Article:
RHS gold – what does it mean?

by Michael John McGarr

The quest for RHS gold is a long and arduous one, and one which is all too familiar to myself.

Our gold medal achievement at RHS Tatton 2017 for the futuristic garden design ‘2101’ was a triumph, which took almost a year to plan and just a few short weeks to execute on the ground.

Scars, blood and a descent into alcoholism were just some of the by-products of achieving an accolade on the highest stage of one’s industry.

Overnight success?

The myth of the overnight success is prevalent across all industries. The winner holds up the awards for the cameras on their night of success and no thought is given to the years of training, the late night studio sessions, the tens of miles walked around nurseries eagerly listing and shortlisting specimens for projects.

Or the sleepless nights worrying about aspects of the work and whether third party suppliers and contractors will stick to their promises.

Worrying about shocked trees which look like they won’t make it until judging.

Working around the strange rules around late night working at RHS shows.

These aspects of the RHS process all add to the prestige and value of achieving on the highest stage possible

So what’s the problem?

So who is responsible for the award-winning work and who gets to claim the credit for the gold medal?

The designers create the work on paper. The plants people and nurserymen grow the plants. The landscapers construct the garden within the show grounds…

But recently, it has come to my attention that a lot of companies are claiming to have won “RHS gold”, particularly across social media and on their websites which potential clients are using to help them differentiate between the best and the mediocre.

The problem lies in the fact that everyone seems to be able to display the fact that they have won – the suppliers, landscapers, designers, labourers, tea makers and water boys.

The RHS seem to be complacent in checking companies who display the “RHS gold medal winning” words or logo.

The problem for the RHS here is that widespread usage of the “RHS gold medal winner” devalues the brand, the achievement, and the hard work it takes to achieve the medals in the first place.

It is this devaluation that leads to fewer designers taking the plunge and committing to creating a garden at an RHS show, which the charity can ill afford.

RHS Chelsea and RHS Tatton shows have seen uptake on designers creating show gardens drop in recent years and you can’t help but feel the prestige is waning.

I am not saying that displaying this gold medal winning where it is unwarranted is completely to blame here, but it is part of the wider problem that is affecting The RHS.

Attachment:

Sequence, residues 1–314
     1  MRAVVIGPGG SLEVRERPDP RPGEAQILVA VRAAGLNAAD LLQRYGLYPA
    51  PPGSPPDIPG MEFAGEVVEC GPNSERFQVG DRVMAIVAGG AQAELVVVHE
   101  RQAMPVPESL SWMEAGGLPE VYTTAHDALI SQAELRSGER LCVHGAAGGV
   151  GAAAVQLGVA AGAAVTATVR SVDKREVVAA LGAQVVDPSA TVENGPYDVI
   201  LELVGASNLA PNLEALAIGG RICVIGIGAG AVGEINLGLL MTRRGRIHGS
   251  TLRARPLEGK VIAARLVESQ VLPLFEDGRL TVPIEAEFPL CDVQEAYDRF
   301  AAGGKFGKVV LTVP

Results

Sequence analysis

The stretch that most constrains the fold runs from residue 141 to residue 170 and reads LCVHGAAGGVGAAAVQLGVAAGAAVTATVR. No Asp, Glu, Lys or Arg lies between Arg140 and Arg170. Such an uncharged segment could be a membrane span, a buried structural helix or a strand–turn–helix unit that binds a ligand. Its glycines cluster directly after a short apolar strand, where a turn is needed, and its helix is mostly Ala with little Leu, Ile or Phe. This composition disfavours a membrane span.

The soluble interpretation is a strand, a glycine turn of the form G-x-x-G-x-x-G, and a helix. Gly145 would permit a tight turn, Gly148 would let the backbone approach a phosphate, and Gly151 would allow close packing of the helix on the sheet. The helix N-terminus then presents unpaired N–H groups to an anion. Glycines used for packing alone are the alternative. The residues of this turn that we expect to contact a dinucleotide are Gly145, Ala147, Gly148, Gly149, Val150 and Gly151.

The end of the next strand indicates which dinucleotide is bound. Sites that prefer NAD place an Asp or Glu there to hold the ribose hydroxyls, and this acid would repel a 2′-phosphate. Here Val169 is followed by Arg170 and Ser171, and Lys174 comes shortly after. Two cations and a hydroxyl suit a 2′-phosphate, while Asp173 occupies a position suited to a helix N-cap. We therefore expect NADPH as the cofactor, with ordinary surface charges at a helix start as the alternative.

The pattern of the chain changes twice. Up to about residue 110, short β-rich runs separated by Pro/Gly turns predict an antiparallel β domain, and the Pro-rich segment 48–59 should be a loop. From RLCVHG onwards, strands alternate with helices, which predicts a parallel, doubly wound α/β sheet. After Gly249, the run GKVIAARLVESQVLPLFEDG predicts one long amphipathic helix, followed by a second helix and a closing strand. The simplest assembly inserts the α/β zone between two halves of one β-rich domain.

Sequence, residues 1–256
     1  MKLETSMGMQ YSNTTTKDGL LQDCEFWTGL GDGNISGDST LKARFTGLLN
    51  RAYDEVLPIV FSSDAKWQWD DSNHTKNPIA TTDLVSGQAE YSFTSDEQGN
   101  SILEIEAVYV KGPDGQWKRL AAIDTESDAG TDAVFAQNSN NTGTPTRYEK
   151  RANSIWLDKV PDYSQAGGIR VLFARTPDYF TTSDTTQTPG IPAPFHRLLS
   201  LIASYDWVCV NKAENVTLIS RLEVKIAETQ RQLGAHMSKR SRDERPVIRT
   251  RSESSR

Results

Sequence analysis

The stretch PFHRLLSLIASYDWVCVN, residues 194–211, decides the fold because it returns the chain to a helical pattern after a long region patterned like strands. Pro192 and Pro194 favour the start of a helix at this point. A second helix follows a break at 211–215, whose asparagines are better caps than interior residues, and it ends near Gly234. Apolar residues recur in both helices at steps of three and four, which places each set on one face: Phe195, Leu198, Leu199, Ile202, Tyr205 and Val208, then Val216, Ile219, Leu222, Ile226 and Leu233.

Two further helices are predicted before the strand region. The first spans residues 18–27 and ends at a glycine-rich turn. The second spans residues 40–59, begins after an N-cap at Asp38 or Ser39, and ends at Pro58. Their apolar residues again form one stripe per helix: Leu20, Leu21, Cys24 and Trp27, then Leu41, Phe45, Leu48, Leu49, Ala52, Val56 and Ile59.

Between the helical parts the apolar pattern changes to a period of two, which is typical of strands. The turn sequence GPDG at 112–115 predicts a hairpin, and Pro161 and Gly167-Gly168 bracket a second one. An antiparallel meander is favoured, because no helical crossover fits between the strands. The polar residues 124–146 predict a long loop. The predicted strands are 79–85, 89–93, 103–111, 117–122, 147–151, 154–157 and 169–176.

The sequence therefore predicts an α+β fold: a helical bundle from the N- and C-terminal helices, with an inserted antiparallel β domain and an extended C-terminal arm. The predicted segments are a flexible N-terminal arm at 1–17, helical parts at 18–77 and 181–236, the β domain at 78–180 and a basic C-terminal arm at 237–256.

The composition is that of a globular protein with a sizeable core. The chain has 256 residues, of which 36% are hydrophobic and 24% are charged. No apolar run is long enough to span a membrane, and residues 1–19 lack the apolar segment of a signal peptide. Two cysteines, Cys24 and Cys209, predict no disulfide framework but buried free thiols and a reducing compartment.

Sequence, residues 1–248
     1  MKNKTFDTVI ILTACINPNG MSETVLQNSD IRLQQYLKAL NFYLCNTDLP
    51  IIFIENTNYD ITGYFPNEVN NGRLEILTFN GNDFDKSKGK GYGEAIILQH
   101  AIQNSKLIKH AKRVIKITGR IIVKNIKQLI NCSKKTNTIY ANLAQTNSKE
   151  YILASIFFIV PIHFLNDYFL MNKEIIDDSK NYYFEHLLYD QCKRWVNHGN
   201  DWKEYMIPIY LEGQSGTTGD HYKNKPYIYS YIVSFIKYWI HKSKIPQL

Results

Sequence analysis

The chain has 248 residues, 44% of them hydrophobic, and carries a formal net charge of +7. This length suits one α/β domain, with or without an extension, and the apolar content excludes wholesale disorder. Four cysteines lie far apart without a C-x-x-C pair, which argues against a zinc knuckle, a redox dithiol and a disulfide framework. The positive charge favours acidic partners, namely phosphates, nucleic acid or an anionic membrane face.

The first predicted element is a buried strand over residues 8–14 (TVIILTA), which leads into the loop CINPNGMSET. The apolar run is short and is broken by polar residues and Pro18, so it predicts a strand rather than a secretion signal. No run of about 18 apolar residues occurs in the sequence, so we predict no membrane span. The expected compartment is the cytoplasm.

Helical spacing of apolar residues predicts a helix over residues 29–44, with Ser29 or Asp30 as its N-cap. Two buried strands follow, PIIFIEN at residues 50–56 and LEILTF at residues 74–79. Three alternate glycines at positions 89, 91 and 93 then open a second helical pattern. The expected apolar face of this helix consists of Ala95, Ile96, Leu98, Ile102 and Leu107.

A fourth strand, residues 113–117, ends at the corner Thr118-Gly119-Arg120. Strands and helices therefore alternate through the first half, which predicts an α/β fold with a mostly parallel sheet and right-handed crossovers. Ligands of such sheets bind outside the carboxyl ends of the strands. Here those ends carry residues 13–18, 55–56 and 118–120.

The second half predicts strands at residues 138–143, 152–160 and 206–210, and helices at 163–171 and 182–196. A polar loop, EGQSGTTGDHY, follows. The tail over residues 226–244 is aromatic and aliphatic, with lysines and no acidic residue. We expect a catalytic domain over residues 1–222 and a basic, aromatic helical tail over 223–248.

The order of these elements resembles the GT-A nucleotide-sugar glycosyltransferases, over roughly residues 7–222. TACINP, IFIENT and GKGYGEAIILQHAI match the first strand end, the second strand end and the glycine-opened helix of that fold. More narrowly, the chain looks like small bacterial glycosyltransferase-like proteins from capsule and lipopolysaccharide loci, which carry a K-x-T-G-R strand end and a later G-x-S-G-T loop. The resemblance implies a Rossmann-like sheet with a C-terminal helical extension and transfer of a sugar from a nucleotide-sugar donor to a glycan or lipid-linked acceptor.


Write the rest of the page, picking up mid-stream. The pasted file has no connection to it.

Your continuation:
Show sponsorship is dropping away at the top end of the industry leaving less opportunities for designers to create catwalk creations for the horticultural shows that will delight the public and increase revenues.

So how can this be changed?

The RHS is great at screening potential applicants for show gardens and RHS Chelsea is particularly stringent at doing this. However maybe a more holistic approach is necessary and this can be remedied at the back end.

We should be fighting tooth and nail to make the gold medal standard even more prestigious. And this means tighter controls on who can display the winning gold logo, and how the logo and RHS brand are used in promotion.

A Michelin-style star system should be introduced for landscape design practices and this something the Landscape Institute and the Society of Garden Designers should take heed of.

How will this help?

This would add value to the RHS brand and make the award system more prestigious, encouraging greater performance from applicants and ultimately creating a tiered system of quality in which clients and developers and members of the public can buy into.

At the moment this simply isn’t the case where every Tom, Dick and Harry who has brushed up at RHS Chelsea can claim to have an RHS Chelsea gold winner, which does the event no favours and makes the process unappetising to burgeoning designers who wish to excel on the highest stage.

We have worked hard over the years to enhance our reputations on the highest stages possible and we will continue to do so. It is this quest for achievement within our industry and the RHS circuit that gets me up in the morning and drives me to keep searching for the best of everything that we can offer to our clients and bring to a wider audience at an RHS show.

It seems a strange thing to be pushing to make the process more difficult – but that is exactly what the process needs to be, and achievement will follow suit leading to an overall improvement in standards of design and creation across gardens and RHS shows for the future.

If it was easy then everyone would be doing it and there would be no value or fun in that.


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